Negligence - MCA Coding - RCD (CE) – Prosports - Technical Constuction Files
A reputable and well known firm of Marine Surveyors was recently found to have been “negligent and lackadaisical” in a three day trial in the High Court (Queen’s Bench Division of the Technical and Construction Court in London).
The Court awarded the full amount of a claim against the surveyors, amounting to the full purchase price of the RIB in question, as well as full legal costs and interest.
This case, in many ways, was a re-run of the “Big Yellow” saga. Indeed, Big Yellow featured in much of the evidence at the trial. Big Yellow was a Coded RIB which catastrophically broke up in an accident off Cornwall in 2005 and was the subject of a searching Marine Accident Investigation Branch (MAIB) Report.
The evidence given at this High Court trial, which concerned a brand new Prosports RIB, showed that there are still plenty lessons to be learned – in fact, it appears that nothing has been learnt from the near disaster with Big Yellow.
The main points in the trial were:
1. This all came to light after the RIB’s transom failed, after less than 30 hours use.
2. The Surveyors had been negligent when they assured their clients that the RIB was RCD compliant and was built to a standard that it could be MCA Coded.
3. They made the mistake of assuming that it was a “standard boat”. The Court strongly disagreed.
4. The Surveyors compounded the problem by not noticing (or certainly not reporting) that the CE Plate, Hull Identification Number (HIN) Declaration of Conformity and Operators Manual were all non-compliant, flawed or inadequate.
5. The numbers on the HIN and Declaration of Conformity did not even match.
6. They relied on what they assumed was RCD compliance through meeting ISO 6185-3 to say that the RIB was safe for Coding. This was wrong and a repeat of the Big Yellow mistake.
7. They asked to inspect the builder’s Technical Construction File (TCF) but then failed to follow up on this. The Judge thought they should have insisted on inspecting it. It seems unlikely, in this case, that there was ever a TCF.
8. David Greening (YDSA Surveyor specialised in Coding/RCD matters) gave expert evidence based on his observations and those of David Cox that the boat’s construction was inadequate and did not even conform to the lay-up schedule, which had apparently been used by Prosports, the manufacturer.
9. He said that to be a “standard boat” you need a proven design, a detailed build specification and quality control procedures to show that the boat is built to that design and specification. The TCF is meant to evidence all this. The Judge praised Mr Greening for the clarity, detail and perceptiveness of his evidence.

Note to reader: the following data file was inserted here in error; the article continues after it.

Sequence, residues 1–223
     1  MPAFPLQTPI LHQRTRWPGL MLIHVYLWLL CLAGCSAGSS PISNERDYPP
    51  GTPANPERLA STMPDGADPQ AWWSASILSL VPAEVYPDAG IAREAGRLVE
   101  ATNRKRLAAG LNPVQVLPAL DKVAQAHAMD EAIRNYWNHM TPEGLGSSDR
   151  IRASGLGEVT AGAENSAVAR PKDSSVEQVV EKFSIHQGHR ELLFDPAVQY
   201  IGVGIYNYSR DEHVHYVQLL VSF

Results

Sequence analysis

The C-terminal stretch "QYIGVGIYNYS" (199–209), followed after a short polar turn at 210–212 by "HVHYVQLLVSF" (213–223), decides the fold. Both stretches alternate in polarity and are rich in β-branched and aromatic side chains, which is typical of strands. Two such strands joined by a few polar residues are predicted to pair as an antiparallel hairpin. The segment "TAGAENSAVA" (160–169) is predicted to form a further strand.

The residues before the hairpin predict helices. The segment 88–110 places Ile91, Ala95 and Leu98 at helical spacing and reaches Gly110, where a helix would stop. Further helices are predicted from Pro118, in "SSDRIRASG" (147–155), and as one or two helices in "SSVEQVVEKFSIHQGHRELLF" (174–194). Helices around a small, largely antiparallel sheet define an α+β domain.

10. The Judge, in finding the original Defendant Surveyors had been negligent and in breach of their duty of care, was critical of their defence saying that it had been arrogant, had failed to properly address the issues and had attempted to stone-wall their former clients, who had been left with an un-usable and almost valueless boat.
11. Several times, the Judge expressed incredulity at the Defence’s claims that they did not seem to believe that their work implied a care for safety. The Judge though safety was fundamental ---- as most boat owners/users would.
12. First - Prosports appear to have produced a RIB that could not be shown to be complaint. Serious doubts were expressed at the trial about the Prosports’ design and build. Prosports was at the time owned, managed and run by Jason Norman, in Guernsey. Jason Norman is (or was) the coxswain of the St Peter Port RNLI Lifeboat!
13. Second – hopefully this will be another wake-up call to Trading Standards (responsible for RCD compliance), The MCA (Coding), Marine Surveyors and boat owners. The sea is dangerous enough in itself, without being put at un-necessary additional risk by those who should know better. MCA Coding of Commercial boats and RCD compliance on those used for pleasure are designed to keep us safe.
14. Thirdly – remember that the CE plate rules are complicated and the plate on your boat may only indicate that the builder has “self-certified” that the boat meets RCD acceptable standards. You still depend, in this case, on that builder’s integrity and judgment. This is the argument for employing the Marine Surveyor who should bring a critical and expert eye to see that things are as they should be. While this did not help in this particular case, it should have done so.
15. Fourthly – Hopefully there will be a wake up call in the industry that the TCF is an essential document.
16. And finally -- these are not trivial matters. Boats (a few exceptions) built after 1998 without a proper CE Plate, a proper Declaration of Conformity, and a proper Owner’s Manual are illegal if used for recreational purposes. Putting such a boat on the market could get you a prison sentence or a heavy fine. Insurers may use non-compliance as a reason for rejecting subsequent claims.